In June, 1979, Brant, now a widower, conveyed a remainder interest in the balance of his land to Robert Hann and wife, Harry Houck, and Roger Houck. In 1984, the Saylors placed stakes on their land within the area which had previously been marked on their plan as right of way. An action followed by Brant and the remaindermen to enjoin the Saylors from interfering with use of the right of way. The trial court, after hearing the evidence, found that twenty-five (25) feet of Saylors' land was subject to a right of way and enjoined the Saylors from interfering with plaintiffs' use thereof.
"It has long been held in this Commonwealth that although the language of a granting clause does not contain an express reservation of an easement in favor of the grantor, such an interest may be reserved by implication, and this is so notwithstanding that the easement is not essential for the beneficial use of the property." Burns Manufacturing Co. v. Boehm, 467 Pa. 307, 313-314, 356 A.2d 763, 767 (1976). See generally: 12A P.L.E. Easements §§ 31, 32. "[W]here an owner of land subjects part of it to an open, visible, permanent and continuous servitude or easement in favor of another part and then aliens either, the purchaser takes subject to the burden or the benefit as the case may be." Tosh v. Witts, 381 Pa. 255, 258, 113 A.2d 226, 228 (1955). This is so irrespective of whether or not the easement constitutes a necessary right of way. Id.; Burns Manufacturing Co., Inc. v. Boehm, supra, 467 Pa. at 314, 356 A.2d at 767. See also: Lauderbach-Zerby Co. v. Lewis, 283 Pa. 250, 254-255, 129 A. 83, 84 (1925). An easement by implication may be acquired where the intent of the parties is clearly demonstrated "by the terms of the grant, the surroundings of the property and other res gestae of the transaction." Tomlinson v. Jones, 384 Pa. Super. 176, 179, 557 A.2d 1103, 1104 (1989), quoting Thomas v. Deliere, 241 Pa. Super. 1, 4, 359 A.2d 398, 399 (1976). See also: Philadelphia Steel Abrasive Co. v. Louis J. Gedicke Sons, 343 Pa. 524, 527, 23 A.2d 490, 492 (1942).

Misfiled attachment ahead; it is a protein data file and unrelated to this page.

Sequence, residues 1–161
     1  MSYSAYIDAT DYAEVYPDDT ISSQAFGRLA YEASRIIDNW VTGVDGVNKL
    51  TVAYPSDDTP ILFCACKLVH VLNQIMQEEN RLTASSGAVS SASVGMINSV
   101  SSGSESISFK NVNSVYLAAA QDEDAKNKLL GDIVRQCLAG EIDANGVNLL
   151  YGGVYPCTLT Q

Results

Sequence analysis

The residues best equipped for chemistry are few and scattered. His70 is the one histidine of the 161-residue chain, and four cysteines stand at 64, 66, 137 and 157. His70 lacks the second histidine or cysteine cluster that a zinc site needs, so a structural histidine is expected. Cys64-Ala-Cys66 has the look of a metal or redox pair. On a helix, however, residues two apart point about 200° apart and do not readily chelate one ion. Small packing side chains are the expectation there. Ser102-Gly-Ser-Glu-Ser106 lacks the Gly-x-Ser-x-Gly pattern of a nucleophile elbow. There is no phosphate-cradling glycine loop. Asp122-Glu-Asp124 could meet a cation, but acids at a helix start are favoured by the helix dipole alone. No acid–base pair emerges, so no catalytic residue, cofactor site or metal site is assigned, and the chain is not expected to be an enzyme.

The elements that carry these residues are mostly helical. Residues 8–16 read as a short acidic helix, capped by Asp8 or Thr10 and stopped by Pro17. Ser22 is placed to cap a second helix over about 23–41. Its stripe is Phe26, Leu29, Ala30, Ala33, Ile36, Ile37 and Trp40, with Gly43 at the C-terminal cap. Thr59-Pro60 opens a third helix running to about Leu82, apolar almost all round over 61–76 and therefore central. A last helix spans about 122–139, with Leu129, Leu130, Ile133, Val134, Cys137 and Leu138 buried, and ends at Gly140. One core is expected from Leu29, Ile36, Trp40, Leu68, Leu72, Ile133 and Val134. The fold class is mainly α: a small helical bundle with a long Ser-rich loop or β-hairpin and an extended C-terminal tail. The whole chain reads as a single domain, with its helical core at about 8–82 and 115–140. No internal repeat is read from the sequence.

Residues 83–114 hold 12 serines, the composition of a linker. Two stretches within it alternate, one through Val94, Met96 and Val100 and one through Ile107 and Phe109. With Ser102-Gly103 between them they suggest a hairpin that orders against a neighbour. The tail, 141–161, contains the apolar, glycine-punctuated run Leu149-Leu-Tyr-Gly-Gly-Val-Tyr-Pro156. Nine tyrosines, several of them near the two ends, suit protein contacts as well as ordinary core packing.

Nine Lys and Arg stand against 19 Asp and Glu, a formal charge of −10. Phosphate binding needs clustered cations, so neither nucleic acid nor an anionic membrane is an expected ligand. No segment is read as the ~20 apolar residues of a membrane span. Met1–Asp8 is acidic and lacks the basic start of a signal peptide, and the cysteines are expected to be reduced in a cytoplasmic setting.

Some Pennsylvania cases have listed "necessity" as an element needed to create an implied easement. See, e.g.: DePietro v. Triano, 167 Pa. Super. 29, 74 A.2d 710 (1950). However, the term necessity used in this context was intended to mean only that the easement was convenient or beneficial to the dominant estate. See: Heffley v. Lohr, 149 Pa. Super. 586, 27 A.2d 275 (1942). Of course, where some degree of necessity does exist, though it falls short of absolute necessity, the necessity is a circumstance that weighs in favor of finding that the parties intended an easement. See: Thomas v. Deliere, infra; 12A P.L.E. Easements § 31.